Boys, meanwhile, tend to develop superior spatial navigation abilities. "Multiple studies in humans and primates shows there is a substantial male advantage in mental rotation, which is taking an object and rotating it in the mind," Wallen said. "It could be that manipulating objects like balls and wheels in space is one way this mental rotation gets more fully developed."




All of this scientific data made me wonder; do I have no say in what my son likes?
It also made me retrospect, why did I find it so fascinating that my son should like cars. Would I have worried if my daughter loved cars? No, I would have applauded her for breaking the mould. And if my son had been drawn towards pink frilly dolls? I would have celebrated his choices. But the fact that my son was so , for want of a better word, typical, had had me , a person who had always tried to break convention and step away from the stereotypical had finally bowed to nature.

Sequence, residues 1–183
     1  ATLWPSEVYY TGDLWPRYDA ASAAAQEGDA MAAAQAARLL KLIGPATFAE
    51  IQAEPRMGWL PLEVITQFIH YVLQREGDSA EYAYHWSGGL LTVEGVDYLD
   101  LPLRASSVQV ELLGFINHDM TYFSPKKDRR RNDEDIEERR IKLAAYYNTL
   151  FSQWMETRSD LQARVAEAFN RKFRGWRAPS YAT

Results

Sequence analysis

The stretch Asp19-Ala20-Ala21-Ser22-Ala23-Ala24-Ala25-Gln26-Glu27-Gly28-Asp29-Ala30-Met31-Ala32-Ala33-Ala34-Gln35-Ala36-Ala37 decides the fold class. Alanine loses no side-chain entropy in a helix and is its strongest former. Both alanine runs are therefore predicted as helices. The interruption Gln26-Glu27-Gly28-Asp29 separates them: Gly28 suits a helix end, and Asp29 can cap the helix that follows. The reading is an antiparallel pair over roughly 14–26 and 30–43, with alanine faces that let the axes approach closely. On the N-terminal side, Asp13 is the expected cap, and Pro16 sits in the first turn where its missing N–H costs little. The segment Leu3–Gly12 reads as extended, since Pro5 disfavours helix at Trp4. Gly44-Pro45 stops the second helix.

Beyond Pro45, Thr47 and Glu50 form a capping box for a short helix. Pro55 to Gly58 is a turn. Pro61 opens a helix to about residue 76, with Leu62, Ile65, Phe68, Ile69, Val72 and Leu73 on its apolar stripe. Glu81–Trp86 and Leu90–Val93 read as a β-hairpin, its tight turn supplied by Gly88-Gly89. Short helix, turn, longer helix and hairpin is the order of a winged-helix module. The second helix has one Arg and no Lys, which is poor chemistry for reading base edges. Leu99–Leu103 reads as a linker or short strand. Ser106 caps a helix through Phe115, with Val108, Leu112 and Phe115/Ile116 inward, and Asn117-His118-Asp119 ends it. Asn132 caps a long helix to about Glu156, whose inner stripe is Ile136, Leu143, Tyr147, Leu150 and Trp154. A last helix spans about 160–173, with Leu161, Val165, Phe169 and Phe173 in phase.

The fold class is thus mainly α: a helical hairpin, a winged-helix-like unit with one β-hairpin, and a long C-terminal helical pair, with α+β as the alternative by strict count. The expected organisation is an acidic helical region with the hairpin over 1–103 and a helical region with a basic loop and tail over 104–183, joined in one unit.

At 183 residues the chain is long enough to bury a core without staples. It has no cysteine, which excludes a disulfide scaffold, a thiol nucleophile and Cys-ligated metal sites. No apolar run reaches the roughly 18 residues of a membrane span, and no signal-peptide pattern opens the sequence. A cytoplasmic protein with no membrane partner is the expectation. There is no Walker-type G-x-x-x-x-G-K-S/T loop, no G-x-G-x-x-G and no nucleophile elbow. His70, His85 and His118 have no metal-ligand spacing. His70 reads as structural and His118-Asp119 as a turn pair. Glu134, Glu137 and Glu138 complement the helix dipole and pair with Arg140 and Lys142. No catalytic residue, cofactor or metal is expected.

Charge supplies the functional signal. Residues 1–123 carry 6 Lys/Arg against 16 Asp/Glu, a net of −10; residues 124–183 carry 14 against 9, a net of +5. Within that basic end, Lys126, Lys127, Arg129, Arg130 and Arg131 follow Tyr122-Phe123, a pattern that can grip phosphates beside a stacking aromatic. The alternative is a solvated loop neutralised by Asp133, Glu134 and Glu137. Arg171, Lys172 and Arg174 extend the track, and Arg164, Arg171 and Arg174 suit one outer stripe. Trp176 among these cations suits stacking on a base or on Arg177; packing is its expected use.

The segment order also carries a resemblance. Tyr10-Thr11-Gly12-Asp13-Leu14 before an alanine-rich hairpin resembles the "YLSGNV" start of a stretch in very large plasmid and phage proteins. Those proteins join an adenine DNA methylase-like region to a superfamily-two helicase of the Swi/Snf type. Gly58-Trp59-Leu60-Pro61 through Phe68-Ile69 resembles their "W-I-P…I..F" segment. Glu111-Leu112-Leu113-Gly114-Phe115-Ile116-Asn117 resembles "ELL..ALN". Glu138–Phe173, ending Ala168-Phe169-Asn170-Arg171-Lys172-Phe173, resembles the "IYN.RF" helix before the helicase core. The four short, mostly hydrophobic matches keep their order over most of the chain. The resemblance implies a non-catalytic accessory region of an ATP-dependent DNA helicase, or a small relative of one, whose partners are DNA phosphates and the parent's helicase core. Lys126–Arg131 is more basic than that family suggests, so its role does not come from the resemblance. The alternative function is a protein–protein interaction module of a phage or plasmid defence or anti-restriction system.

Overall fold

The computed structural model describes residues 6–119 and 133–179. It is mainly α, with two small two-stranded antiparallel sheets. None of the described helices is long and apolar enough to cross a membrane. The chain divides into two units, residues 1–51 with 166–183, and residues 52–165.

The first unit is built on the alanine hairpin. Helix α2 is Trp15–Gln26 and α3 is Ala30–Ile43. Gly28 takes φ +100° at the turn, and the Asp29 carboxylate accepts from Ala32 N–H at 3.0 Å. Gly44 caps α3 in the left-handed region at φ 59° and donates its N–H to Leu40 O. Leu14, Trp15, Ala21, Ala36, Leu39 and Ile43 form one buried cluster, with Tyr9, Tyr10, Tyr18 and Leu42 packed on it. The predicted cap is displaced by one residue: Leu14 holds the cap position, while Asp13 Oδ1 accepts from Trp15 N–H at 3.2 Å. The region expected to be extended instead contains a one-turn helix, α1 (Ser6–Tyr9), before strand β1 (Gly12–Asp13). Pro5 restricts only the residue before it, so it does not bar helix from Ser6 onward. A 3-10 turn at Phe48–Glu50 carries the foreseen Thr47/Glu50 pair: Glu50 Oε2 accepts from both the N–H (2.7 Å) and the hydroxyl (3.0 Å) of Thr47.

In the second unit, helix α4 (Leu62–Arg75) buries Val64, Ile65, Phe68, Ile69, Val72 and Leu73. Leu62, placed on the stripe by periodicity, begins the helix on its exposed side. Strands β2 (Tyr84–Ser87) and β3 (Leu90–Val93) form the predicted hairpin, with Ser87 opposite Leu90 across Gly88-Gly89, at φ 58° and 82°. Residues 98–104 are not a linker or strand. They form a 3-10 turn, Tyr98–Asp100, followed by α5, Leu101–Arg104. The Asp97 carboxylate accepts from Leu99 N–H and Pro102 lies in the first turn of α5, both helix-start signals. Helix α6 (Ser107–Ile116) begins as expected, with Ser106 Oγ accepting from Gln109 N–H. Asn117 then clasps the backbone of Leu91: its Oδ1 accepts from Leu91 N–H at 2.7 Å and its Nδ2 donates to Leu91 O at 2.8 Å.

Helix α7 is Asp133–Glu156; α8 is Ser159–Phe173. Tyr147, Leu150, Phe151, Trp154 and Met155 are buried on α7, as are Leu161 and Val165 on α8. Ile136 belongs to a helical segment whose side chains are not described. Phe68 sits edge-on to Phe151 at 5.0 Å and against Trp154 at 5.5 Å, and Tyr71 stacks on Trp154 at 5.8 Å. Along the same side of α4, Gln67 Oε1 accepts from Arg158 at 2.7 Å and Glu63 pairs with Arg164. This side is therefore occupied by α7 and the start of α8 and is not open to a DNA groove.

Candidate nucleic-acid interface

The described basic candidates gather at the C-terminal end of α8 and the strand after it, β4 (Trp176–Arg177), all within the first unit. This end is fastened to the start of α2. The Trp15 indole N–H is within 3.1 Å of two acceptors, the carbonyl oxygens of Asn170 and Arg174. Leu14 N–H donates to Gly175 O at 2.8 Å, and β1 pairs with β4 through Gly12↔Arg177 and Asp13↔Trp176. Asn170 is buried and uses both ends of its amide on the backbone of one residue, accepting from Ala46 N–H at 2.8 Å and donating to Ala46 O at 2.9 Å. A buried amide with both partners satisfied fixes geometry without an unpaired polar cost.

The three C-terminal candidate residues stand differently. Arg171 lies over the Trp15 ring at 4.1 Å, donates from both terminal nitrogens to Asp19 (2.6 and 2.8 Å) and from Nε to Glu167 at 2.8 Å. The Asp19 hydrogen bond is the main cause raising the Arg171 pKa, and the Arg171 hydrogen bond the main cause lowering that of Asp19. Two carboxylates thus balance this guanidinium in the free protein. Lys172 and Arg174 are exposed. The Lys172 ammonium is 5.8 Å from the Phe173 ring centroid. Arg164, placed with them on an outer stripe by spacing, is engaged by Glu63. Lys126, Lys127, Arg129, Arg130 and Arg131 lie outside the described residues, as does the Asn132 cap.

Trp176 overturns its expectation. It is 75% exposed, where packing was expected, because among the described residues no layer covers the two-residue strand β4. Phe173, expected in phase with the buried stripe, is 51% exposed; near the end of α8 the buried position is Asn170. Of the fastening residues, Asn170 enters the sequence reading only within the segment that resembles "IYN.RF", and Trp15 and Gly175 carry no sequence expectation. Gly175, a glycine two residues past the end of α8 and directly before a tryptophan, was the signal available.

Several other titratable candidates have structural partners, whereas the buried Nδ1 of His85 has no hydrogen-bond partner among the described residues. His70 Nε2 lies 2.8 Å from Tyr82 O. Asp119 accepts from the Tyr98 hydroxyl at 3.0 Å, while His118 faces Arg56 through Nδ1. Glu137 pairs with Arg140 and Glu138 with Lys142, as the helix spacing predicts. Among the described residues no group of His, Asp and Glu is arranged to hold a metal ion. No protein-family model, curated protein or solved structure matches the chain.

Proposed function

What had started out as a mothers fascination with her sons fascination in cars, had led to more deeper questions on nature versus nurture.

I am looking forward to the years ahead, when I continue to try and understand the basic tenant of parenting; knowing that your child is his/her own person, we are here to celebrate them and love them and let them become the person they want to be ,and were meant to be.